Business

Latest airline perk: Safe distance from the masses

In Dubai, passengers enter the first class section of an Emirates Airbus A380 from a separate floor.
In Dubai, passengers enter the first class section of an Emirates Airbus A380 from a separate floor.Kamran JebreiliAssociated Press/File

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On flights from San Francisco to Hong Kong, first-class passengers can enjoy a Mesclun salad with king crab or a grilled USDA prime beef tenderloin, stretch out in a 3-foot-wide seat that converts to a bed and wash it all down with a pre-slumber Krug ‘‘Grande Cuvee’’ Brut Champagne.

Yet some of the most cherished new international first-class perks have nothing to do with meals, drinks or seats. Global airlines are increasingly rewarding wealthy fliers with something more intangible: physical distance between them and everyone else.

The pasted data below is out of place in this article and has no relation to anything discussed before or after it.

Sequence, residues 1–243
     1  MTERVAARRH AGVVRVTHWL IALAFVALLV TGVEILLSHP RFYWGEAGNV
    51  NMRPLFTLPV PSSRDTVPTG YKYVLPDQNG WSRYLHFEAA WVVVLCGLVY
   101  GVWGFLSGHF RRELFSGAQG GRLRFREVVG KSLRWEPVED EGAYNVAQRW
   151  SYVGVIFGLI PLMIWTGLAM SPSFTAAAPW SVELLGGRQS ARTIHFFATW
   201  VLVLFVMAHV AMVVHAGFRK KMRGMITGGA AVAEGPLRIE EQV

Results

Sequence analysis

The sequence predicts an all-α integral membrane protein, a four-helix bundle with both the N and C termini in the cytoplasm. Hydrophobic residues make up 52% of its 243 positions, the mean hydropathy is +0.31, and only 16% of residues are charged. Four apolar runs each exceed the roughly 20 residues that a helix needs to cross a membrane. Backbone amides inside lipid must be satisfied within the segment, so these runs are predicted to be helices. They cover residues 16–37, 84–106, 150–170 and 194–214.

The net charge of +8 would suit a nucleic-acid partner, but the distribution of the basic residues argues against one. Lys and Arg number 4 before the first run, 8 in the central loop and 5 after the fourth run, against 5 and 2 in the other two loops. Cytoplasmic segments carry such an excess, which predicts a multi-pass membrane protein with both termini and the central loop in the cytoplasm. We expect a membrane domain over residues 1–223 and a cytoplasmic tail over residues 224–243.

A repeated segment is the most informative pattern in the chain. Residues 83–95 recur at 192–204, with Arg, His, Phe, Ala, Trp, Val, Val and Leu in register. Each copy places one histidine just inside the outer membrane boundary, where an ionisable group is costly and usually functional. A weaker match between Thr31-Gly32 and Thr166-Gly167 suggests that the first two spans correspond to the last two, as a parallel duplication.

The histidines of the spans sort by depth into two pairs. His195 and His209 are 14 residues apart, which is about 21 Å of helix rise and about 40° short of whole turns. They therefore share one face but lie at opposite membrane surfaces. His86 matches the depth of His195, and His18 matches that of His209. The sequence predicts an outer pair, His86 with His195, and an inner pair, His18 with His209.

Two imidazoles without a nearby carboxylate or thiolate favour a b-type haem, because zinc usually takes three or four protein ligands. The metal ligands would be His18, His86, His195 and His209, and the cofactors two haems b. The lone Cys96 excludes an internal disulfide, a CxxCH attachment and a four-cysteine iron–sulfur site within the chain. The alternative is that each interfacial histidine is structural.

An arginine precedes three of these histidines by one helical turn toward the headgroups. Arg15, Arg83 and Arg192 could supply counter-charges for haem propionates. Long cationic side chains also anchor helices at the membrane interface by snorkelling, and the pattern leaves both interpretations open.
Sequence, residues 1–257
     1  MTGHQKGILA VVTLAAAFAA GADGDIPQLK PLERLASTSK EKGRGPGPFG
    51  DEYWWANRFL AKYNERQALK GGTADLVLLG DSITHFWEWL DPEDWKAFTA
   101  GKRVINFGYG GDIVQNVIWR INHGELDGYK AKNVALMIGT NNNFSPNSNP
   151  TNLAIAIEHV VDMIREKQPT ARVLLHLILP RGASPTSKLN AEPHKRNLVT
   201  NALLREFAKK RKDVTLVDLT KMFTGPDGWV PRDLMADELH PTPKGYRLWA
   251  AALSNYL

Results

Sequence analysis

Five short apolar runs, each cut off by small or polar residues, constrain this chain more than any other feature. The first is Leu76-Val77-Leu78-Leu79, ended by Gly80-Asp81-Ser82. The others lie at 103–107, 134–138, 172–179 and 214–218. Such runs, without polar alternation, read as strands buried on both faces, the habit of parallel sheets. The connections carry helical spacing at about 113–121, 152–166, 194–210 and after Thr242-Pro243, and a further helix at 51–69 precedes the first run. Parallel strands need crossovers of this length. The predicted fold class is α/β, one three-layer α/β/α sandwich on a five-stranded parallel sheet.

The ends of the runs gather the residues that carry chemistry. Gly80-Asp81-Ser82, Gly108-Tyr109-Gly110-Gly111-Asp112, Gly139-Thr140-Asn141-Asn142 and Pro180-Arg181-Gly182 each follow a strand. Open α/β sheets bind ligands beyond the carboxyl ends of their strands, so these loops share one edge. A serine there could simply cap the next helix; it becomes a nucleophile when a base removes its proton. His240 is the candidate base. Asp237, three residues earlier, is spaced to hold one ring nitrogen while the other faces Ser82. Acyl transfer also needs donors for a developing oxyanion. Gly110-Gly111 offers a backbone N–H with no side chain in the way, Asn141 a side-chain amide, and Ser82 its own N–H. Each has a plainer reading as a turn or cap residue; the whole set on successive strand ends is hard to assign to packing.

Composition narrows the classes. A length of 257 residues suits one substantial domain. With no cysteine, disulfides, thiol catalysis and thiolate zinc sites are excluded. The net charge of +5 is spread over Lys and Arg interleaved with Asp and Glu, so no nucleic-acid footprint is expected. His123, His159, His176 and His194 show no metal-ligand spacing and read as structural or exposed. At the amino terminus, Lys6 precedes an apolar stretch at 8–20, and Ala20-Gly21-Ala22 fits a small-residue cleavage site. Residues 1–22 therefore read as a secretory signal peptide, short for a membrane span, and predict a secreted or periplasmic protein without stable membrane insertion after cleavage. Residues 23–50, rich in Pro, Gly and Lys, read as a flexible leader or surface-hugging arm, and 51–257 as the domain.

The idea is to provide an exclusive experience — inaccessible, even invisible, to the masses in coach. It’s one way that a gap between the wealthy and everyone else has widened.

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